Clearly, because of his position, he has knowledge of a number of topics that I believe should remain confidential...that is where the partisan politics kick in. Just because some may not like the Administration's politics does not give license to detractors to interrogate a chairman's knowledge of confidential information. I am not naive, but I am also okay with not knowing some of the details that may be privileged.

I would contend that he is above the pettiness of the partisanship that is about to play out and that is why he chooses to move on. But I am guessing that we will just agree to disagree on that point.

Either way, I will re-read the editorial again...but I don't know if I will have a different understanding.

dbkundalini 8 years, 9 months ago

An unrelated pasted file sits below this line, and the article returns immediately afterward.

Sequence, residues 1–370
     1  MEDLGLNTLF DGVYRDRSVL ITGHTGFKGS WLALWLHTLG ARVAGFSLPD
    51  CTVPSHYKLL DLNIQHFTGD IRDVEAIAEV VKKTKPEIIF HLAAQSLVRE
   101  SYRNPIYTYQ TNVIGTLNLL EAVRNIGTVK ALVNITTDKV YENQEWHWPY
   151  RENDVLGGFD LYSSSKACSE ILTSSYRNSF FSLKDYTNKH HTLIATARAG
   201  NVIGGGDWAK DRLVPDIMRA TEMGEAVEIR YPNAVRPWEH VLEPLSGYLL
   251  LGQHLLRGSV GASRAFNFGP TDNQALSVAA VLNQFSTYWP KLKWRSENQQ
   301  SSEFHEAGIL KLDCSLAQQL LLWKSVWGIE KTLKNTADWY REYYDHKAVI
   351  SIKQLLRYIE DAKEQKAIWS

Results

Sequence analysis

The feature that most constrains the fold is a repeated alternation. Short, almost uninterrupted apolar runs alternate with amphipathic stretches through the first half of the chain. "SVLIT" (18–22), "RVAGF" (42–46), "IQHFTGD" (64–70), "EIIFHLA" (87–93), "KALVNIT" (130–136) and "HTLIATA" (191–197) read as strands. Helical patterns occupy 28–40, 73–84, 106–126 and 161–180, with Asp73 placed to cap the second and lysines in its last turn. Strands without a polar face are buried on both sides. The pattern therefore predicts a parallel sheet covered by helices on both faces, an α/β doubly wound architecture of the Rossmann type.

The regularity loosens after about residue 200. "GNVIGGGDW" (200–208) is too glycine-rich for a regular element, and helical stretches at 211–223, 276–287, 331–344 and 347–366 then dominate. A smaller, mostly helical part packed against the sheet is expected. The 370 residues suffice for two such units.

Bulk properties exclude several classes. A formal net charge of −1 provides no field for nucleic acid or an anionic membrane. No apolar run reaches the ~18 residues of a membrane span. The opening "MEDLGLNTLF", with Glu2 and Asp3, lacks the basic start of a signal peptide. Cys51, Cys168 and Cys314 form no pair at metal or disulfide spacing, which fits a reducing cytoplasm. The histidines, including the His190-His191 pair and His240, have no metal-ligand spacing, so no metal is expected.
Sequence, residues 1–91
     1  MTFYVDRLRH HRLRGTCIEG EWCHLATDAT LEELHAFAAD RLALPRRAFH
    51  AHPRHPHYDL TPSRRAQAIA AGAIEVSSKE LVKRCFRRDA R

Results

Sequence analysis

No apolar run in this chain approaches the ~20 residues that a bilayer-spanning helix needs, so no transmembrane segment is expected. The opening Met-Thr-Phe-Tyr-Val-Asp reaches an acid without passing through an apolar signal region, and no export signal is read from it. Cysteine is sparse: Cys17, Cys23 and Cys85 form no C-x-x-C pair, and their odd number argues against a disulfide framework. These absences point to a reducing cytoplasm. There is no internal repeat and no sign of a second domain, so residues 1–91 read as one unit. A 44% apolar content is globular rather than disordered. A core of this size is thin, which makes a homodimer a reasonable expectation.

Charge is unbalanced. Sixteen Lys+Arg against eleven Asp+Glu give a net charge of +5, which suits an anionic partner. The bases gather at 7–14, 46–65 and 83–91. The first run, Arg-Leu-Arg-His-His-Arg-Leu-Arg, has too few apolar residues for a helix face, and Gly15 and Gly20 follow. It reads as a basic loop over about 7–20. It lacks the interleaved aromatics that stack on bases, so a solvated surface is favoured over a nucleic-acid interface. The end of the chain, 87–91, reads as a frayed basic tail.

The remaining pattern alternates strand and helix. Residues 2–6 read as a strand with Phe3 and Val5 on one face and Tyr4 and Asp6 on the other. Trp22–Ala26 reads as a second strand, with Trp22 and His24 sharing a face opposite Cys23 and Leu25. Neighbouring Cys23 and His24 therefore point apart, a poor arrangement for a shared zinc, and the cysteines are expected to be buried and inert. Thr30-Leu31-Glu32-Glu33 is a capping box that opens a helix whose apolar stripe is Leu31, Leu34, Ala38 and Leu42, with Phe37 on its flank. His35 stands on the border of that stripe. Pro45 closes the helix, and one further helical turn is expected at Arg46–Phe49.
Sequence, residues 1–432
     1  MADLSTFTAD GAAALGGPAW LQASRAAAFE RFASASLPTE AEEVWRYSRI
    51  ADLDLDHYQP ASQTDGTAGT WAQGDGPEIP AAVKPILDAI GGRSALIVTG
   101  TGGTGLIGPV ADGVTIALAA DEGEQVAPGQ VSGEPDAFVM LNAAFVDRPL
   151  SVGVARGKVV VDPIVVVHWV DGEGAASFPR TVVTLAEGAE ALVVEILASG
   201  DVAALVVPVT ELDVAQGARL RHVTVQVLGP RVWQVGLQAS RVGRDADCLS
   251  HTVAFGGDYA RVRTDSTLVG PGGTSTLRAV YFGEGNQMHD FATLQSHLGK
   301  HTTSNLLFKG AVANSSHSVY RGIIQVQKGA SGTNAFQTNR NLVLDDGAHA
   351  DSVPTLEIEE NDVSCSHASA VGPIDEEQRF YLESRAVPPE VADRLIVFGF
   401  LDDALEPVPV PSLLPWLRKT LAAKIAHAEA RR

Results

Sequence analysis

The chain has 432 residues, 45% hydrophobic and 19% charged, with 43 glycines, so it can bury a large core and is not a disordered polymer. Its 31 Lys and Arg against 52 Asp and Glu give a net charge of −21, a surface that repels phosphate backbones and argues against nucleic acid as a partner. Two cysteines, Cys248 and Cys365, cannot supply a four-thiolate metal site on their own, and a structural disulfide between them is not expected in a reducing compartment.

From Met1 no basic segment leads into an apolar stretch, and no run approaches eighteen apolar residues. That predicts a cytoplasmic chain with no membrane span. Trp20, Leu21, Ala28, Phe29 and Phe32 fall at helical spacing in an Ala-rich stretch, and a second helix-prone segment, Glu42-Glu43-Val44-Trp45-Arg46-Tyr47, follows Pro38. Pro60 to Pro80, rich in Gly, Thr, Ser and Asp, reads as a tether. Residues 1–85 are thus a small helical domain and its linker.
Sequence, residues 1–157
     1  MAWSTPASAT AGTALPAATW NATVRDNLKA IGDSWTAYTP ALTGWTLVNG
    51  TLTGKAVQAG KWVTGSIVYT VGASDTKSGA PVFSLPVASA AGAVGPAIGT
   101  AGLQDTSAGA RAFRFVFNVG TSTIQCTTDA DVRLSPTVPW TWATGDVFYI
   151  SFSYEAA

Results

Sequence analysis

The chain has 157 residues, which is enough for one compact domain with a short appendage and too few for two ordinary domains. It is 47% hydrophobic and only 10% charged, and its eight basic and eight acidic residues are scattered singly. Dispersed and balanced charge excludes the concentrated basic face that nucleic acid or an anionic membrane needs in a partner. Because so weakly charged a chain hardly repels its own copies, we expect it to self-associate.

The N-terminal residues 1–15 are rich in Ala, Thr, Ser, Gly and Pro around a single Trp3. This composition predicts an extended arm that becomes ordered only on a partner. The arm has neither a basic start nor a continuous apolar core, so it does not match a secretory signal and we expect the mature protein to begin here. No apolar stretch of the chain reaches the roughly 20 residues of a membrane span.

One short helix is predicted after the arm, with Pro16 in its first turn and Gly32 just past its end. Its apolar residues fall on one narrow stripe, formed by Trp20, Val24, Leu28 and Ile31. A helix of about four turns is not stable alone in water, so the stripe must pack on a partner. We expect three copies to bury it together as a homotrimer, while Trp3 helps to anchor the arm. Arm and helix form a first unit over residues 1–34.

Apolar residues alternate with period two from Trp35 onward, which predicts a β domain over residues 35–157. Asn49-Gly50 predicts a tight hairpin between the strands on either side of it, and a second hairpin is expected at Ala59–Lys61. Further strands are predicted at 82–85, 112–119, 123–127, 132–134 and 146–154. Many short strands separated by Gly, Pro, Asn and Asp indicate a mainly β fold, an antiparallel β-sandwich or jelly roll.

he is honest straight-shooting, unpretentious, a patriot<<<

Honest? Are we talking about the same guy? Isn't Roberts the guy who unquestioningly, unapologetically carried Bush's water on WMD for years, and basically dragged his feet any time there was any actual oversight or accountability to be done? I'm afraid so. Roberts was simply no good as a part of this committee. The guy needs to be kicked to the curb.

Shoreline_Dem 8 years, 9 months ago

...In fact, the Republican-controlled Congress has created a new standard for the use of oversight powers. That standard seems to be that when a Democratic president is in power, there are no matters too stupid or meaningless to be investigated fully -- but when George Bush is president, no evidence of corruption or incompetence is shocking enough to warrant congressional attention. One gets the sense that Bush would have to drink the blood of Christian babies to inspire hearings in Congress -- and only then if he did it during a nationally televised State of the Union address and the babies were from Pennsylvania, where Senate Judiciary chairman Arlen Specter was running ten points behind in an election year.